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I find myself learning object pascal. All what you need, even templates, without the include hell. And when your code looks ugly, it is most likely buggy. C++ is still my tool of choice, but there is the possibility it will implode with more features.

Plain C ok, pascal ok, and object pascal is awesome.
Just basics.

C++ good luck sometimes to make a portable project on microsoft and Unix. Compilers can be buggy, very buggy to make it work sometimes.
 

Crivens

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I have done that, projects with source code in the gigabytes. You need to take care about some things, and eventually you have to split the project since the automatic test cases run after check ins start to limit the check ins to about 100 a day, which is no good if you have more developers than that...
 

ralphbsz

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Compilers very rarely have bugs. "It was a compiler bug" is a common joke among software developers, but in my ~30 year career in software development, I can think of one or two cases where we had an actual compiler bug. Typically, users think compilers are buggy when they are writing non-standard-conforming code and it doesn't compile, when in reality their code is not "correct". The definition of "correct" is: follows the laws of the language exactly.

Writing code that compiles and runs on Microsoft and various Unix compilers is actually not very difficult, it just requires great care. You have to make 110% sure to only use standard language features, or OS features that are well-defined by standards bodies (such as POSIX), and then test correctly (good QA teams with skilled engineers, continuous integration, white-box testing, ...). It is a little extra effort, but in my experience you end up with better code.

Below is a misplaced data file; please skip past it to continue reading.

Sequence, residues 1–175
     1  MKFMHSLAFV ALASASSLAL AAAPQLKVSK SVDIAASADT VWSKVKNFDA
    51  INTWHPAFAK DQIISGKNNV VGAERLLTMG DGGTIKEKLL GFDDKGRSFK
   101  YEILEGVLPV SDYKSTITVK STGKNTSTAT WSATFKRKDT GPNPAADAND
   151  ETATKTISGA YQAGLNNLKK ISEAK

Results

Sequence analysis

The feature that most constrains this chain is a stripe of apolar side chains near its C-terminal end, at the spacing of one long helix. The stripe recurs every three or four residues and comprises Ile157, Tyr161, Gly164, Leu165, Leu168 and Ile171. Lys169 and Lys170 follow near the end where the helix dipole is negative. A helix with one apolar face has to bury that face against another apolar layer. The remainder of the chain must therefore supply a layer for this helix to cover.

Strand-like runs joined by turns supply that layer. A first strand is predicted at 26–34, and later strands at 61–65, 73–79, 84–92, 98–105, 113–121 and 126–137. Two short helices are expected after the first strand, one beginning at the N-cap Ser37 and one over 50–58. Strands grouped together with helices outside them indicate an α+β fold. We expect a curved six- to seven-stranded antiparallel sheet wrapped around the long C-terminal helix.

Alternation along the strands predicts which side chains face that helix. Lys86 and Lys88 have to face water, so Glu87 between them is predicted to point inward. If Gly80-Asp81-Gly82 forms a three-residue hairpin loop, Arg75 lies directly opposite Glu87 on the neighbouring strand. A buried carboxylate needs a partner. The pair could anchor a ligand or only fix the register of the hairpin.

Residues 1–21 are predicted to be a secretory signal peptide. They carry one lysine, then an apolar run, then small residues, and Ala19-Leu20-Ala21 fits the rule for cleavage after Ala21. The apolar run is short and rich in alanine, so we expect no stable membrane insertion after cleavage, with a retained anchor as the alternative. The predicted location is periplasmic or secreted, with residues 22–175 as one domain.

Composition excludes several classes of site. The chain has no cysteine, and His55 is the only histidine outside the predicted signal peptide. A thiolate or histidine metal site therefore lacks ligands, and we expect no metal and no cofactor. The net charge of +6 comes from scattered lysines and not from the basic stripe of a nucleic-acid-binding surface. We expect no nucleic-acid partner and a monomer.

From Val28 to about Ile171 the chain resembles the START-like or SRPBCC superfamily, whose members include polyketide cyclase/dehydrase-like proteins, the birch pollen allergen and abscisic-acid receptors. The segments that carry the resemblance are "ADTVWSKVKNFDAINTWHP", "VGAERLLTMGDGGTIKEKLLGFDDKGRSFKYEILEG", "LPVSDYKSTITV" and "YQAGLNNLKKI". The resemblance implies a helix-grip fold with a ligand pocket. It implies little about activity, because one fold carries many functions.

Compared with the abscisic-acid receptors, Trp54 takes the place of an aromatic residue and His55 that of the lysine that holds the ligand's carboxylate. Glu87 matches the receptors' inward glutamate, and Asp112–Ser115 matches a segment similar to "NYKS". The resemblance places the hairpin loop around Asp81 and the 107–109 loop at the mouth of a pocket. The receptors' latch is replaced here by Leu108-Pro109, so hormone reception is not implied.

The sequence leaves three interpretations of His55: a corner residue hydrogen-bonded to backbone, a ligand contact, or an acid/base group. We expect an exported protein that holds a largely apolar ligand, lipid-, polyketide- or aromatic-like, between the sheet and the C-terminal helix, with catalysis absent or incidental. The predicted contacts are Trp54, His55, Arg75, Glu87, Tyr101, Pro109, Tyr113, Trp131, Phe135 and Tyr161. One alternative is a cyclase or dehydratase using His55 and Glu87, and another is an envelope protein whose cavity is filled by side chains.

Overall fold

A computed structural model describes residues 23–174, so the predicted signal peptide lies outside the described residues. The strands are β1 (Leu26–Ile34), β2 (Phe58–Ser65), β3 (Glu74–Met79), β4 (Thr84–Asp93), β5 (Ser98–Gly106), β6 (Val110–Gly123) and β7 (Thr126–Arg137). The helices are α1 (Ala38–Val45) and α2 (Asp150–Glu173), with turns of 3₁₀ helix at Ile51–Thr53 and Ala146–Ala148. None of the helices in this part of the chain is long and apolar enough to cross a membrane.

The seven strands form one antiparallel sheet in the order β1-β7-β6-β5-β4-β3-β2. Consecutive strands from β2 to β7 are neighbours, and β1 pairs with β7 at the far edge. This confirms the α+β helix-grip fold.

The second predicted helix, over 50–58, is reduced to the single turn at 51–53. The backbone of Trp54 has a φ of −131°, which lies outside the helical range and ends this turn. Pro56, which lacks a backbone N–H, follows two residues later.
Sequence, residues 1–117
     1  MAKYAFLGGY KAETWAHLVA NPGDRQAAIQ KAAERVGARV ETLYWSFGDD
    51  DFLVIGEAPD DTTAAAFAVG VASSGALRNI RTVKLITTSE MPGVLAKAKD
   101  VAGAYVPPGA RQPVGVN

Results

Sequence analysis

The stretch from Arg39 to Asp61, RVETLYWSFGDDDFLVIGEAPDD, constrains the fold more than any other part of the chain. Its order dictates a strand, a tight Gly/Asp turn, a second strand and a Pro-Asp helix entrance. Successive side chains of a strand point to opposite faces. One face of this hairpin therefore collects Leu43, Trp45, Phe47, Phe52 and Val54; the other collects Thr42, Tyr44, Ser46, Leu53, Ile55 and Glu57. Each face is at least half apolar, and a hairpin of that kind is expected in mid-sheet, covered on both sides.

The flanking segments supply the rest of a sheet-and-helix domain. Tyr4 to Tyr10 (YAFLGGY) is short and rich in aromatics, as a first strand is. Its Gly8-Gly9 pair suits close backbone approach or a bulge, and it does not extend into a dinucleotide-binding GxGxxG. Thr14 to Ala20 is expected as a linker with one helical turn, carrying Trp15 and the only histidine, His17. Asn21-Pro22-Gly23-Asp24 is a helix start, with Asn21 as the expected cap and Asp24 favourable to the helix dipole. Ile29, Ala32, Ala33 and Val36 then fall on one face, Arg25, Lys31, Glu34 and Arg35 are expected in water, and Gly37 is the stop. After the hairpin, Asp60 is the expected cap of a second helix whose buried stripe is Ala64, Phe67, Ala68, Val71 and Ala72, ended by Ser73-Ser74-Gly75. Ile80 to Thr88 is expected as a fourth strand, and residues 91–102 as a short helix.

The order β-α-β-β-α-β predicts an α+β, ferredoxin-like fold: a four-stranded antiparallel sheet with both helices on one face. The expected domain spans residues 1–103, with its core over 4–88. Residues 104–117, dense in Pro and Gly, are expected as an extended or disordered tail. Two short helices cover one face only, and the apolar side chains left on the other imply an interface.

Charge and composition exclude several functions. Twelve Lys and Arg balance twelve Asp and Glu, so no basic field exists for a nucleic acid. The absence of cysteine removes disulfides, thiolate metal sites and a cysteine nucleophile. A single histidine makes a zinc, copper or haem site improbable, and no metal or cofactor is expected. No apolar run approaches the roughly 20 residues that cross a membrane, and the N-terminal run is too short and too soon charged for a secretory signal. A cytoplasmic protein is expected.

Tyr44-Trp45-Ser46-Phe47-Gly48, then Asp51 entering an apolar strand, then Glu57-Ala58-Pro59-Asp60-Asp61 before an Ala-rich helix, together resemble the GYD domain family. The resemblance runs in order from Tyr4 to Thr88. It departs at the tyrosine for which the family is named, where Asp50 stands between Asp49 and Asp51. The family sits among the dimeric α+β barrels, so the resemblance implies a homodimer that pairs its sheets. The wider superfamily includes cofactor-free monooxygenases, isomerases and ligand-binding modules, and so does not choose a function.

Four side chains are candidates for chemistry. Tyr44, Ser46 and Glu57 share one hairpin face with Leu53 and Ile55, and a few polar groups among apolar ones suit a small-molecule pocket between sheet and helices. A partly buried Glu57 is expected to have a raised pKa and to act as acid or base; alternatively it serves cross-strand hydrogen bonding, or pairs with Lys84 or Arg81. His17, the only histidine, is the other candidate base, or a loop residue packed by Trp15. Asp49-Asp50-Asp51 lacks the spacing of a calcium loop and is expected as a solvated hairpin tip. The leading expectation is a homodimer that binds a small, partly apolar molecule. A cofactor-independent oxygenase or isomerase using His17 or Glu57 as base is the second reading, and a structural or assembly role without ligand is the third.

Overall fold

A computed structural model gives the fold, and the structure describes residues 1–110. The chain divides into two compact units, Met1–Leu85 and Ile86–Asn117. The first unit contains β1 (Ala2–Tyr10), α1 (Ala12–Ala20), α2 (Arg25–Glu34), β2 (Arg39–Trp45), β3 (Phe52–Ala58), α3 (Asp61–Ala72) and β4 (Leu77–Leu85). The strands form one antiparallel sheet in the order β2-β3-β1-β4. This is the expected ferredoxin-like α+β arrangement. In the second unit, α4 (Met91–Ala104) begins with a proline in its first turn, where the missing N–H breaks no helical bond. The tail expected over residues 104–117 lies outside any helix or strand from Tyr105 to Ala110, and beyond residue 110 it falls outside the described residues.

Cthulhux

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The last feature missing from standard C++ is std::asio IMO. I have been waiting for it for a while. But indeed, I also notice a growing feature-hunger of the language standard. Which is sad because it makes C++ unnecessarily complex.
 
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Maelstorm

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Compilers very rarely have bugs. "It was a compiler bug" is a common joke among software developers, but in my ~30 year career in software development, I can think of one or two cases where we had an actual compiler bug. Typically, users think compilers are buggy when they are writing non-standard-conforming code and it doesn't compile, when in reality their code is not "correct". The definition of "correct" is: follows the laws of the language exactly.

Writing code that compiles and runs on Microsoft and various Unix compilers is actually not very difficult, it just requires great care. You have to make 110% sure to only use standard language features, or OS features that are well-defined by standards bodies (such as POSIX), and then test correctly (good QA teams with skilled engineers, continuous integration, white-box testing, ...). It is a little extra effort, but in my experience you end up with better code.